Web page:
Posted tagged ‘Euro zone’


October 16, 2010

One of the articles of faith, you might say, that has been around in Ireland over the past decade is that the country’s membership of the Euro has been a critical condition of economic success. Foreign direct investment was helped by the Euro, as companies could ensure that their position in Ireland would give them access not just to a single market but also to a single currency zone in which exchange risks and costs were removed. Then when the recent recession broke out, and when people started making comparisons between Ireland and Iceland, the received wisdom was that Ireland’s membership of the Euro would protect it from the worst consequences of the crisis.

But over this past while other views have also been expressed. David McWilliams, for example (if you can get over his rather irritating self-satisfaction and self-importance) has been arguing that the Euro is preventing Ireland from taking the economic measures it needs to adopt to restore competitiveness and that it would be better to leave the Euro zone, and others have picked up this theme. But now more commentators are beginning to wonder about the usefulness of the Euro to anyone at all, including the central and western European core member states.

We have not yet reached the point at which the future of Ireland’s Euro membership, or indeed the future of the Euro per se, have become a respectable topic for discussion. But as the recession remains resilient and worries about recovery prompt an ever-increasing focus on budget cuts and tax increases, should this debate be made respectable, if only so as to have an intelligent conversation in the open about why the Euro is still a good prospect?  If Ireland should stay in the Euro – which is still my default position – at least we should be able to articulate clearly why, and why the arguments to the contrary are misguided.

Casting off the Euro?

February 22, 2010

On 1 January 1999 the Euro replaced the European Currency Unit (a kind of virtual currency that you could trade for certain purposes but which was never legal tender anywhere), and on the same date the Euro became the official currency of a number of EU member states, which collectively make up the ‘Euro zone’.  Today the Euro is the currency of 16 EU member states and five non-EU countries. It is the second largest reserve currency in the world, and the Euro zone is the second largest economy (if you feel you can call it that).

Of course as we all know, Ireland was in the Euro from the start. I wasn’t in the country in January 1999, but when I arrived back in 2000 I was struck at the low level of ‘Euro-consciousness’. Back then the currency in the shops was still the Pound, and when occasionally I asked people whether they knew how much an item they were just buying in that currency would cost in Euro I was always amazed to discover that pretty well nobody had any idea or cared much. When the Euro eventually appeared as notes, coins and the balance on your current account in January 2002, it did so without very much fanfare; people just got on with it and the currency became the money in our pocket. You couldn’t help contrasting that with the convulsions caused by the Euro in the United Kingdom, where it isn’t even the currency.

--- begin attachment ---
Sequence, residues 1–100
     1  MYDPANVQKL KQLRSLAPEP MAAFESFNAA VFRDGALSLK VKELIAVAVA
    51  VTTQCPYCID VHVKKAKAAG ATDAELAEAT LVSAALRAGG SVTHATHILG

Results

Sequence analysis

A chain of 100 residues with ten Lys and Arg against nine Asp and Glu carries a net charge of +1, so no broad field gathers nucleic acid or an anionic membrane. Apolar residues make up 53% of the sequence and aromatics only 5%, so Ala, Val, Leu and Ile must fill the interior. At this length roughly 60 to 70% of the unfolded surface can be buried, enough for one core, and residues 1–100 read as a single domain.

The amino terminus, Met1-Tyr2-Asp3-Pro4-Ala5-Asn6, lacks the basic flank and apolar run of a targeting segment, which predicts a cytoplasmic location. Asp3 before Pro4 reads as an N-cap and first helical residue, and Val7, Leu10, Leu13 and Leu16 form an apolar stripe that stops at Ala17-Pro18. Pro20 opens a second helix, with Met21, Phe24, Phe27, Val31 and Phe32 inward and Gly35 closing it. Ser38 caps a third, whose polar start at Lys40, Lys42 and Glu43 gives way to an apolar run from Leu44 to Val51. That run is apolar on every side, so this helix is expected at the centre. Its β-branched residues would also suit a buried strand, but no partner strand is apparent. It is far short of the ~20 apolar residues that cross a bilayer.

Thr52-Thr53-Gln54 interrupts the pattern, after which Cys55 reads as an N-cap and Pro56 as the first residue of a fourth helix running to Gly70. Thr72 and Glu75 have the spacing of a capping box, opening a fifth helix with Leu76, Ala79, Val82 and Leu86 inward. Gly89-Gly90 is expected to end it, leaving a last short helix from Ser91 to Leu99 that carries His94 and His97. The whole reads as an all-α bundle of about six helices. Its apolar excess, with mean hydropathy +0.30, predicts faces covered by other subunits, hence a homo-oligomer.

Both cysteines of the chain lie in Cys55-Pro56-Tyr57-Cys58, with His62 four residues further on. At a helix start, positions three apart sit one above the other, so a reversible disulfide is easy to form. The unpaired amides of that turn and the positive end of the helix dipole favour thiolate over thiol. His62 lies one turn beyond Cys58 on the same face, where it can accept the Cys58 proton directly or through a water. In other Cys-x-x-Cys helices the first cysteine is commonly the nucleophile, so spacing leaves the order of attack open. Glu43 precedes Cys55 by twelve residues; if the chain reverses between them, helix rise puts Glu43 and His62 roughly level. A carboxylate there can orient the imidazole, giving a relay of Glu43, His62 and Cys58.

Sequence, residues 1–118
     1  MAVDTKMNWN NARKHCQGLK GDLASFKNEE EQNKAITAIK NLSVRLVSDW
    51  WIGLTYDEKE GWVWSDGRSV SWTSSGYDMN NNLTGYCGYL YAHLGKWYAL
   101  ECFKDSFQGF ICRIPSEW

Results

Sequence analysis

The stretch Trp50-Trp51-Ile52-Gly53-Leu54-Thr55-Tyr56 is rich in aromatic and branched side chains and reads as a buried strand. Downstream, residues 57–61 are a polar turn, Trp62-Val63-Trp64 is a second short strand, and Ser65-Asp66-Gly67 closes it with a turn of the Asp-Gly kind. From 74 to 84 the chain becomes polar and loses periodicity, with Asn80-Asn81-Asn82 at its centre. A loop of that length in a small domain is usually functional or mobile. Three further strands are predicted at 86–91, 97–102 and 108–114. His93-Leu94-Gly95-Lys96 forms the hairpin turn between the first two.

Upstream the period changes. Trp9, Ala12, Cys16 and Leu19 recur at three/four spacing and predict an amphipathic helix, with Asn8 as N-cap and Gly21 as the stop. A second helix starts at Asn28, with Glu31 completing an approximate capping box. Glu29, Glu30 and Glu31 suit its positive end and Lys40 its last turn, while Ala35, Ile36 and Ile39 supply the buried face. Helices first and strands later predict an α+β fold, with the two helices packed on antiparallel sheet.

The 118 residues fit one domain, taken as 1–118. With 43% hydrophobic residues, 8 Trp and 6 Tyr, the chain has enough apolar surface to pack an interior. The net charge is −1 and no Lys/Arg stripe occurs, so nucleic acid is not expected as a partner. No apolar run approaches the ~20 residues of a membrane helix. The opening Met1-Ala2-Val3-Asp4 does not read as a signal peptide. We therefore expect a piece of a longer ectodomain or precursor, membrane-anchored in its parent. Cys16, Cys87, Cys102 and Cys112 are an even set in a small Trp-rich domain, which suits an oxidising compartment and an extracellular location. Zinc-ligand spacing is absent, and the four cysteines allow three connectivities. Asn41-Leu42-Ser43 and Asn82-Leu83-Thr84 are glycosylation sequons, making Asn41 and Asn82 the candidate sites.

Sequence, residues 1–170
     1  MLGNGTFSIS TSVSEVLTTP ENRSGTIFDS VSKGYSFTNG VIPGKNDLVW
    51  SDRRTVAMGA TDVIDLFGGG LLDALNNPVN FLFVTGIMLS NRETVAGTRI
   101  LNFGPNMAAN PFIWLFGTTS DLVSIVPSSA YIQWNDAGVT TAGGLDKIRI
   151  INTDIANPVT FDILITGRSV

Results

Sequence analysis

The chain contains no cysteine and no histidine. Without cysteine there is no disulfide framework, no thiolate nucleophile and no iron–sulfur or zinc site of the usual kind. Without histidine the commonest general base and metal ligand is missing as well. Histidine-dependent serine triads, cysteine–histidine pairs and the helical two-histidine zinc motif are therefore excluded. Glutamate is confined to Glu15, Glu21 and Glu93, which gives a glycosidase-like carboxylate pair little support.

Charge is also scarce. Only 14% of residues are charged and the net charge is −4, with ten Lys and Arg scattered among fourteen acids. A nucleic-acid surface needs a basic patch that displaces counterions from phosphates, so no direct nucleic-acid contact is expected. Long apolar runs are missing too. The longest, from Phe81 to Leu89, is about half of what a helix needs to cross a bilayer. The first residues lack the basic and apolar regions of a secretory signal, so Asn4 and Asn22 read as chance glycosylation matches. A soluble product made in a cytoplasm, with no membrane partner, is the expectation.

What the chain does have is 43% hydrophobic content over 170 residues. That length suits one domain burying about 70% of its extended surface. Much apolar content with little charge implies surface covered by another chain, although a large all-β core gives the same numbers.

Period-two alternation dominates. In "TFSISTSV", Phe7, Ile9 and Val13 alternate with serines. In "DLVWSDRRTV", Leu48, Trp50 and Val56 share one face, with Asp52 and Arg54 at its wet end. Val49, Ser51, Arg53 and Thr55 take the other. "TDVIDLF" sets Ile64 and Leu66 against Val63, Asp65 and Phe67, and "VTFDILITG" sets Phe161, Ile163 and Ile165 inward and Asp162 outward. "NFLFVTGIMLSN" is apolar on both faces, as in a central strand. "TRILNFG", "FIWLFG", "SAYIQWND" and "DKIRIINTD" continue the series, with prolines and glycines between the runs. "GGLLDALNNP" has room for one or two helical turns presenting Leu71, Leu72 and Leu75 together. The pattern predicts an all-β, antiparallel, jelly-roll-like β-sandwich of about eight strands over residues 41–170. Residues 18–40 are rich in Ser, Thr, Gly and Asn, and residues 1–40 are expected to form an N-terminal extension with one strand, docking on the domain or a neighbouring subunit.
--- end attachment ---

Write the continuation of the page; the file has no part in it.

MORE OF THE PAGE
But the relaxed way in which we adopted the Euro also signifies, I suspect, our lack of any close relationship with it here. In fact, we don’t seem to feel strongly about our currency. When the Irish Pound separated from the Pound Sterling in 1979 there was equally no big noise, and then when we lost it there wasn’t as much as a collective shrug or sigh of relief. It just happened. As a nation, we don’t seem to identify culturally with our currency. But one side-effect of this is that we don’t really debate or think about what it means. I recently asked a well educated friend what the issues were, in his opinion, in being part of the Euro zone, rather than having a separate currency. He thought for a moment, and suggested it was not having to change money when travelling to France.

But in reality that really is the very least of it. The significance lies, on the one hand, in having a currency which is less vulnerable to speculators aiming specifically at our economy, and on the other hand, not having independent monetary tools we can use at particular points in an economic cycle. So for example for much of the over-heated Celtic Tiger years our interest rates were too low because that suited Germany better (but probably worked against us). But then again, as Euro members we haven’t been buffeted around in quite the same way as Iceland has been over the past year or two.

But now some commentators, including David McWilliams, are suggesting that Euro membership is preventing us from staging a quicker recovery, because it doesn’t allow us to devalue our currency in order to become competitive. He has been beating this drum for a few weeks now. But when I ask people to comment, their eyes glaze over and they talk about football. We still cannot work up an interest, and if McWilliams is intending to start a national movement I doubt he’ll manage it. As it happens, I don’t think he is right anyway, but I do believe that we should have a better sense of what this currency union means for us and what we should be doing with it, or without it as the case may be. There are few things that are more important, and we should be much more active in our grasp of the issue. I have seen no significant expert response to the kind of talk McWilliams is promoting, and maybe it’s time there was.